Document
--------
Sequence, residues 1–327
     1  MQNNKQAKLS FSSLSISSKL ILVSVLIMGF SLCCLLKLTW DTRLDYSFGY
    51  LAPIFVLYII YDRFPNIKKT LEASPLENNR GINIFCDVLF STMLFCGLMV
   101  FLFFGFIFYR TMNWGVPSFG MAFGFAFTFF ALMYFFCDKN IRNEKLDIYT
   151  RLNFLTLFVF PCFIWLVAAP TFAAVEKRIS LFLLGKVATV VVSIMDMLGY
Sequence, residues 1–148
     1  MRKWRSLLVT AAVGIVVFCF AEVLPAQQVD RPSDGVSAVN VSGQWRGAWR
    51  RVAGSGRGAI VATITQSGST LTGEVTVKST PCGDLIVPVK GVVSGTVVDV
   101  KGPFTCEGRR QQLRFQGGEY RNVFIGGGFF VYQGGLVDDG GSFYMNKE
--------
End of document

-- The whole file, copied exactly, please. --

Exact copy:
Sequence, residues 1–327
     1  MQNNKQAKLS FSSLSISSKL ILVSVLIMGF SLCCLLKLTW DTRLDYSFGY
    51  LAPIFVLYII YDRFPNIKKT LEASPLENNR GINIFCDVLF STMLFCGLMV
   101  FLFFGFIFYR TMNWGVPSFG MAFGFAFTFF ALMYFFCDKN IRNEKLDIYT
   151  RLNFLTLFVF PCFIWLVAAP TFAAVEKRIS LFLLGKVATV VVSIMDMLGY
Sequence, residues 1–148
     1  MRKWRSLLVT AAVGIVVFCF AEVLPAQQVD RPSDGVSAVN VSGQWRGAWR
    51  RVAGSGRGAI VATITQSGST LTGEVTVKST PCGDLIVPVK GVVSGTVVDV
   101  KGPFTCEGRR QQLRFQGGEY RNVFIGGGFF VYQGGLVDDG GSFYMNKE